], which can be inactivated at high process temperatures, such as in the bleaching process, but which also affect the polyphenol stability. In some cases, the loss in the recovery of polyphenolic compounds after the bleaching treatment was reported up to 46% [30
], while other authors reported that although some polyphenols were lost, some other types were observed [31
4.3. Artichoke Extract Characterization
The polyphenol profile shows a high presence of caffeoylquinic and dicaffeoylquinic acids, which is in agreement with studies from previous authors [1
In the case of dicaffeoylquinic acid (45.97%), however, this compound was not identified as cynarin specifically. Interestingly, the cynarin content in South American varieties of the artichoke is low, as previously reported by Silva da Costa et al. (2013) [3
] and Noldin et al. (2003) [41
] with Brazilian genotypes. In addition, the lack of blanching procedures could have affected the recovery of cynarin in its natural molecular structure, due to the potential presence of polyphenol oxidase enzyme, which is aggressive with ortho-dihydroxyphenolic compounds, as is the case with cynarin [12
]. The chlorogenic acid (3-O
-caffeoylquinic acid) identified represents a third of the TPC in the extract (around 33%), which is in line with that reported by Schutz et al. (2004) [33
] (33.3%) in artichoke heads and slightly lower than that reported by Lattanzio et al. (2009) [4
] (39%). Chlorogenic acid was 113.34 µg/mL, within the range of values described by Lombardo et al. (2010) [42
] in outer bracts of Italian varieties, and in a higher concentration than that obtained by Garbetta et al. (2014) [9
] using a methanolic solution in artichoke heads, although less than reported by Ceccarelli et al. (2010) [1
], who also focused on the edible parts of Mediterranean varieties of the vegetable.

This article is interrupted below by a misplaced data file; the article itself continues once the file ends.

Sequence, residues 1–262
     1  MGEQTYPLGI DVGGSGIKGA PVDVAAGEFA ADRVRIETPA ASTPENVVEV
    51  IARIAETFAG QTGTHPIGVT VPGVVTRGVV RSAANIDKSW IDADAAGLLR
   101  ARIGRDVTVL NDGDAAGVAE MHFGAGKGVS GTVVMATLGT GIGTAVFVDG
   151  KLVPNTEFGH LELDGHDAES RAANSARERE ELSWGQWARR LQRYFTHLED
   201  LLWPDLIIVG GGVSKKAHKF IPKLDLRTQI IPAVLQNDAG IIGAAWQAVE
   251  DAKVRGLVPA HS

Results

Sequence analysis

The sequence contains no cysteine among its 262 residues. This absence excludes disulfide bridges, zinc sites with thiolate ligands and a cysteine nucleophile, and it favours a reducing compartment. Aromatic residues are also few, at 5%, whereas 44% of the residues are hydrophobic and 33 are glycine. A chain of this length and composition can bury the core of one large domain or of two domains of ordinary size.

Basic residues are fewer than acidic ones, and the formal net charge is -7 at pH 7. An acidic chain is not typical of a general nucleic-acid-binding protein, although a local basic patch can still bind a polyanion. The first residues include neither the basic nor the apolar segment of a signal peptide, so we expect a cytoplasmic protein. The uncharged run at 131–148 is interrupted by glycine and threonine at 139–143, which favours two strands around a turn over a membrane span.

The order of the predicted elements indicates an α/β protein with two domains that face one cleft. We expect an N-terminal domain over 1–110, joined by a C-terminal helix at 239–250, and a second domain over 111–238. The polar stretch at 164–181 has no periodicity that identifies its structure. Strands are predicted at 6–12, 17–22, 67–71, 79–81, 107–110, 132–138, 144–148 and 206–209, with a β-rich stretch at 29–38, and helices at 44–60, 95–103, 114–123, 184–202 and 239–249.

Finally, the low concentration of flavones and their derivatives found, compared to previous studies from other authors, support the already stated great diversity of the polyphenolic composition amongst the worldwide varieties of artichoke, different parts of the plant, harvesting times and different extraction procedures [2
Another attractive component in the extract is inulin, in a 28% (dw) concentration.
The multiple reports on the functional properties of inulin would enhance its use as an ingredient to improve digestive deficiencies. Moreover, the presence of inulin in the extract would promote a protective effect on antioxidant polyphenols [44
It would, therefore, be interesting to study the synergic effects between inulin and phenolic antioxidants, which would enhance both their functional applications [45
4.4. Effect of Artichoke Extracts on the Viability of Cancer Cell Lines
Low concentrations of extract produced an increase of the viability of three cell lines, probably due to the presence of other compounds that could exert a positive effect on the cell growth, especially on fibroblasts. However, by increasing the concentration of the extract, the carcinogenic lines (Caco-2 and MCF-7) decreased their proliferation. A higher potential resistance of the fibroblasts to the presence of the extract was observed, requiring at least twice the concentration than that for the tumor cells to decrease cell proliferation.
These results are in agreement with those reported by Mileo et al. (2012) [46
]. They evaluated the anti-proliferative effect of an extract from the edible part of the artichoke on breast cancer cell lines, observing a dose-dependent effect on the cell line viability and growth, with no effect on healthy breast epithelial cells. However, the assays were conducted using extracts with concentrations up to 800 µM (equivalent to 283.5 mg/L chlorogenic acid).